Characterizing Shared Mobility Operator and User Behavior Using Big Data Analytics and Machine Learning

Tang, Tina, Systems Engineering - School of Engineering and Applied Science, University of Virginia
Harris, Devin, EN-Eng Sys and Environment, University of Virginia

Towards more sustainable use of resources in cities, there is a rising trend in shared mobility for collaborative consumption. As a condition of working with cities, third party organizations managing shared vehicle fleets often have to provide public access to real-time data describing the location of vehicles. These datasets hold enormous value for monitoring and evaluating emerging transportation services; however, a major challenge for city planners and regulators remains extracting the value from streaming transportation data by leveraging analysis and visualization methods. E-scooters are an emerging shared mobility service that have been adopted in cities across the world, but, despite their popularity, cities are still searching for more effective monitoring methods in order to understand the benefits brought to their communities or lack thereof. Using real-time e-scooter data from Charlottesville, Virginia as a case study, this work aims to characterize operator and user behavior by using big data analytics and machine learning to gather important insights. Specifically, this work provides the following contributions via three analytical studies: (1) Study I demonstrates how e-scooter data can be harvested from streaming GPS traces and then aggregated and spatially joined with demographic, employment, and built environment data. A multiple regression analysis examining the relationships between these datasets revealed that e-scooter distribution was influenced by economic activity whereas e-scooter use was influenced by micro-transit need factors and built environment characteristics. (2) Study II presents data aggregation and visualization approaches for monitoring and evaluating e-scooter operator distribution decisions, showing that utilization is a suitable measure for planning and revealing that there is room for improvement for equitable fleet distribution. (3) Study III shows the efficacy of using Latent Dirichlet Allocation to characterize user trip behavior from an unstructured set of estimated e-scooter trips. Findings suggest that trip behavior differed significantly during periods with increased student population influxes. Charlottesville planners and regulators may use the results and methods presented in this work to make data-driven decisions for improving micro-mobility as a service for the community they serve.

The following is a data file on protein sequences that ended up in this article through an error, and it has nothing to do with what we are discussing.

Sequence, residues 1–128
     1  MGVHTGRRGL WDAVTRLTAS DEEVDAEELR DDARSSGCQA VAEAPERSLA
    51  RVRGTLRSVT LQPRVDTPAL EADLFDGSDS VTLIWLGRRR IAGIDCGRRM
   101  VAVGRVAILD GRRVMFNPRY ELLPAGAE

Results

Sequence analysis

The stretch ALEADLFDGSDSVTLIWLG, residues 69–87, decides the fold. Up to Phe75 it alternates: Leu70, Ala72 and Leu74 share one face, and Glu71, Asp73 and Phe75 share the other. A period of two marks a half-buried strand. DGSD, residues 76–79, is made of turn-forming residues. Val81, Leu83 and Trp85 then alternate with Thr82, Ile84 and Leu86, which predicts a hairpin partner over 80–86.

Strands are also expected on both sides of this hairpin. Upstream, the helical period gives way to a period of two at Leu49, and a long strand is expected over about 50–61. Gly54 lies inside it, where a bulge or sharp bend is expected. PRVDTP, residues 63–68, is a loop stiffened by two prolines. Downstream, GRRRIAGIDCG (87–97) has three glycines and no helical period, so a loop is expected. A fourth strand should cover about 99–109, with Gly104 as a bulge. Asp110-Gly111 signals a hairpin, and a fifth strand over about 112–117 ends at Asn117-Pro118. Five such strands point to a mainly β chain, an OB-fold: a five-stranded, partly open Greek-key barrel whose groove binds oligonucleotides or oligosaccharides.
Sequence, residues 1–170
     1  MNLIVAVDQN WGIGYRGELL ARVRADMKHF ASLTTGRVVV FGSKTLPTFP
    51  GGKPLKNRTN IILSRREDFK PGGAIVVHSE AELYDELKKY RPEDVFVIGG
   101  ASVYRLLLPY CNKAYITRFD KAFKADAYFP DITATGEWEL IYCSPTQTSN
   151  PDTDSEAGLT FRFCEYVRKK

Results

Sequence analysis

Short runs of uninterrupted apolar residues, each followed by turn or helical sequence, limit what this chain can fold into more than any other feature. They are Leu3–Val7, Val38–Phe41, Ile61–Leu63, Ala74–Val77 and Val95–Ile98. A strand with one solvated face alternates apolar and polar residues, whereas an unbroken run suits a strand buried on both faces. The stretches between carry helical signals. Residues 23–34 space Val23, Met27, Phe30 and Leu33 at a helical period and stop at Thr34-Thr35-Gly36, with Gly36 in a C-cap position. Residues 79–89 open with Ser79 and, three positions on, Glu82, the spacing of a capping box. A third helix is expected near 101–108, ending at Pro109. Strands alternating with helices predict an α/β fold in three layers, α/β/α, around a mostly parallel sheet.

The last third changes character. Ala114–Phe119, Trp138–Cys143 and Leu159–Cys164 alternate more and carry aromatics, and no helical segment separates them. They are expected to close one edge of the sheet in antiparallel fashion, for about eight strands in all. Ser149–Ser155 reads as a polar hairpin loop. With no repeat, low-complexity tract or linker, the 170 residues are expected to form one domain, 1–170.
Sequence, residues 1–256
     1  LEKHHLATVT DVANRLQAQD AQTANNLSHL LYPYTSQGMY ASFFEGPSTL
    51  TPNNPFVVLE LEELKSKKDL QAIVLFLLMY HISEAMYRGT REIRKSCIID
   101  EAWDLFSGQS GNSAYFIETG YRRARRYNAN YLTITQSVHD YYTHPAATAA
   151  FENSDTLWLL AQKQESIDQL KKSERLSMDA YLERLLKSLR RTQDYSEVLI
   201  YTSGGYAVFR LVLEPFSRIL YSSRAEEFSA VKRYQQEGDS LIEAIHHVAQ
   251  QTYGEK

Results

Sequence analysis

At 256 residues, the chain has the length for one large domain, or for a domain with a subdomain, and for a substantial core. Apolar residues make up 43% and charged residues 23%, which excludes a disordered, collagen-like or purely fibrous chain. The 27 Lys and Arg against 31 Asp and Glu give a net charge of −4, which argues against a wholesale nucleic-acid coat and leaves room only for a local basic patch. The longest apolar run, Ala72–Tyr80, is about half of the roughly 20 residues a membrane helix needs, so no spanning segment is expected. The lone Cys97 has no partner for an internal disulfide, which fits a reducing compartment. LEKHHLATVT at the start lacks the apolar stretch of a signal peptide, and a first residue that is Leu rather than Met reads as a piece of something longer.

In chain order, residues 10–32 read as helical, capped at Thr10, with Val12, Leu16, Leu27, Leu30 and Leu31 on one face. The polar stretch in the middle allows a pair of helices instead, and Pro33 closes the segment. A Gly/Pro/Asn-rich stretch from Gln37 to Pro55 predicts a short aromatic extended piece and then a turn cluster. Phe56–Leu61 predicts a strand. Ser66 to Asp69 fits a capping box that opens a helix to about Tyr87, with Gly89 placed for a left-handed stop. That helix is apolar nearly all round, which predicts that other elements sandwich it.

MS (Master of Science)
machine learning, data visualization, data fusion, shared mobility, micro-mobility, big data analytics, multiple regression, Latent Dirichlet Allocation, geospatial data, real-time data
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